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Semiconductor Research Corporation: A Case Study in Cooperative Innovation Partnerships


In the study of innovation institutions, it is important to consider how different institutional models can affect a research organization in conducting or funding successful work. As an industry collaborative, Semiconductor Research Corporation (SRC) provides an example of a privately funded institution that leverages the inputs of several member companies, along with federal funding, to accomplish innovation in its mission area. SRC has several component programs, all attempting to find innovative solutions to semiconductor problems, but on different time scales, and in different technology areas. But how does SRC use its resources to ensure these goals? Through data gathered from semi-structured qualitative interviews and SRC documentation, this paper addresses that question. SRC has found a way to leverage industry money to motivate and develop a robust field of university research for over 30 years. SRC uses several mechanisms for maintaining an application focused, member-centered decision process, institutional flexibility, and strong ties between industry contributors and university researchers. SRC has continued to keep its members satisfied by training thousands of graduate students for employment in their member companies, by focusing on precompetitive research that addresses industry requirements, and doing so in a manner that operates leanly, with low overhead to its funders. Given these successes, we identify aspects of SRC operations, such as a focus on its member company needs, frequent interactions between funders and researchers, flexible funding mechanisms, and focus on workforce development, that may be diffusible to innovation institutions, including federal research efforts.

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Fig. 1


  1. Dynamic Random-Access Memory, which supplies memory to electronic devices.

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  7. The types of leveraged funding are: “directed”—funds from a non-industry sponsor are transferred to and managed by SRC; “collaborative”—funding by a third party, usually a government funding agency, that is invested jointly with SRC but that is transferred directly to the university; and “influenced”—funding by a third party that is invested in SRC-relevant research based on input from SRC.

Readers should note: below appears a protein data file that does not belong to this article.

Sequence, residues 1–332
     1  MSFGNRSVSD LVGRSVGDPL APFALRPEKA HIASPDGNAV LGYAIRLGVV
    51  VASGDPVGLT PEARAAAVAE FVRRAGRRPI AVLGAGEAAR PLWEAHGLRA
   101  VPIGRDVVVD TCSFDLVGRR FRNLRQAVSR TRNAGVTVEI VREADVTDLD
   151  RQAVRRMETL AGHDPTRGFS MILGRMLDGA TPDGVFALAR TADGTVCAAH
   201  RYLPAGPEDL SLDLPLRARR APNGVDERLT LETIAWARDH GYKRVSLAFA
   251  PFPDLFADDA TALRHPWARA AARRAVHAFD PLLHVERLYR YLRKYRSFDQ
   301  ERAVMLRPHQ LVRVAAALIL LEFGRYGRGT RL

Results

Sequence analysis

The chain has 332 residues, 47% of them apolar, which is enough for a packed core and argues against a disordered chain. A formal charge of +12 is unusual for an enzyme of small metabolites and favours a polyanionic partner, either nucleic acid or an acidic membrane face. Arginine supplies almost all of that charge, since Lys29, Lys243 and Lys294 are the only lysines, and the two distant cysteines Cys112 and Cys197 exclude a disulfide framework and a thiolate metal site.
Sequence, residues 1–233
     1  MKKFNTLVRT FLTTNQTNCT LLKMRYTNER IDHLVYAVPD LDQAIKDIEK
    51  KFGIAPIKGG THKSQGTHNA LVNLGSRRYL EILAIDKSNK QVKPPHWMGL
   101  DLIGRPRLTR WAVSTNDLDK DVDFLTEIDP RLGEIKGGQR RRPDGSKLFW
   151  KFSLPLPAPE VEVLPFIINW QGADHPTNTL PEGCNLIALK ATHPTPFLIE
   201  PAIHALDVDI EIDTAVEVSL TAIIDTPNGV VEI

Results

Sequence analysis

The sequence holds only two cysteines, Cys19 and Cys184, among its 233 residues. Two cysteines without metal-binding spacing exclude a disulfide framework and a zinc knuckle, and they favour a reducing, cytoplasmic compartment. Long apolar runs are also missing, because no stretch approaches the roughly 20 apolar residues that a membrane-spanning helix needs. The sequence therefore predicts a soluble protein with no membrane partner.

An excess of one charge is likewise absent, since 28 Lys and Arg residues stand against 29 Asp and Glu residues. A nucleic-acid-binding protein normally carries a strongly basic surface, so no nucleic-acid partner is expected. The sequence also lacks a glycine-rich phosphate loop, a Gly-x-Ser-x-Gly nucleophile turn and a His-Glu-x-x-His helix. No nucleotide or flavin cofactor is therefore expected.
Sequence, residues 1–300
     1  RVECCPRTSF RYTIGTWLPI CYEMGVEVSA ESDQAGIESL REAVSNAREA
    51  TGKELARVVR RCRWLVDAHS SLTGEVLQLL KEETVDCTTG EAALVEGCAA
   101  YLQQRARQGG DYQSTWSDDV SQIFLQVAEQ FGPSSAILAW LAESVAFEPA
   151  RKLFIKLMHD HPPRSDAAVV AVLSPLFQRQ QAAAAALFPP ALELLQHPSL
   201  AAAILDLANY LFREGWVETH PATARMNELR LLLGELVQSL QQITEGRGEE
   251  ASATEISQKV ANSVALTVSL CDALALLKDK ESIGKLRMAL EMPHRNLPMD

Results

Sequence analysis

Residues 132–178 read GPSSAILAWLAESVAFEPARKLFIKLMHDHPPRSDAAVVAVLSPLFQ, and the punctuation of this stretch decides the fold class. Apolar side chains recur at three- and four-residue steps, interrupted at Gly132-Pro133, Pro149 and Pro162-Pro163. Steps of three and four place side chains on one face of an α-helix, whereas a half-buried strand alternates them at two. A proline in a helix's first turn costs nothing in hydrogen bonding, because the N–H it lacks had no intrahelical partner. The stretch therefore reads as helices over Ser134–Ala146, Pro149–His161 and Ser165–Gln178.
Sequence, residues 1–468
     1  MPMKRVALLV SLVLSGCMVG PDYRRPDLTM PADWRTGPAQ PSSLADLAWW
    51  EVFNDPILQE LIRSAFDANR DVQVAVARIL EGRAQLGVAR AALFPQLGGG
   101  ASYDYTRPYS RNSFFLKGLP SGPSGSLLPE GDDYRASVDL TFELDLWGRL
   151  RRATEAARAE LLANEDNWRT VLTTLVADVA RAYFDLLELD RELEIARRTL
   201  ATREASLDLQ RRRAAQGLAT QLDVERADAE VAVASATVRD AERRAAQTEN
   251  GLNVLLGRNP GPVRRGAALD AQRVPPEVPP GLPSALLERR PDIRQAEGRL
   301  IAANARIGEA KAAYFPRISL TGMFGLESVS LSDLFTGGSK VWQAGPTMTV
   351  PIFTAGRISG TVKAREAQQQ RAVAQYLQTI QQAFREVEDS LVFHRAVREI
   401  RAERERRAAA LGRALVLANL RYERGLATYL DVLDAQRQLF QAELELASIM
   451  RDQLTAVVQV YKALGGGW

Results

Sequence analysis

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The authors would like to thank the Doris Duke Charitable Trust for making this research possible. Additionally, the project would not have been possible without the willing participation and access granted by SRC staff, industry members, SRC-funded researchers, and alumni. Also, thank you to Patricia McLaughlin for review and editing help on this manuscript.

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Correspondence to Nathaniel Logar.

Appendix: List of Interviewees

Appendix: List of Interviewees

Larry Sumney, SRC President and CEO

Steven J. Hillenius, SRC Executive Vice-President

Celia Merzbacher, SRC Vice President, Innovative Partnerships

Elizabeth Weitzman, SRC Executive Vice-President and Executive Director, FCRP

Jeffrey Walser, NRI Director

Ralph Cavin, SRC Chief Scientist

James Hutchby, SRC Senior Scientist

Daniel Herr, SRC Director, Nanomanufacturing Science

William Joyner, SRC Director, Computer Aided Design and Test

Robert Esterveldt, Harvard University, Professor of Physics

Charles Sodini, Massachusetts Institute of Technology, Professor of Electrical Engineering

Walden Rhines - Mentor Graphics, Chief Executive Officer and Chairman of the Board

Wilbert Van den Howk – Novellus, Former Executive Vice President and Technology Officer

Allen Bowling, TI, Fellow and Manager of Research & Consortia, Analog Technology Development

Sandy Aivolotis, Nexans, Senior Vice President, Operations, Technology and Business Development

David Kyser, Applied Materials, Senior Director

Derek Martin, Agilent Technologies, Digital ASIC Operating Manager

David Newmark, Advanced Micro Designs, Design Fellow

Paul Besser, GLOBALFOUNDRIES, Fellow

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Logar, N., Anadon, L.D. & Narayanamurti, V. Semiconductor Research Corporation: A Case Study in Cooperative Innovation Partnerships. Minerva 52, 237–261 (2014).

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  • Technology policy
  • Innovation
  • Energy
  • Semiconductors
  • Institutions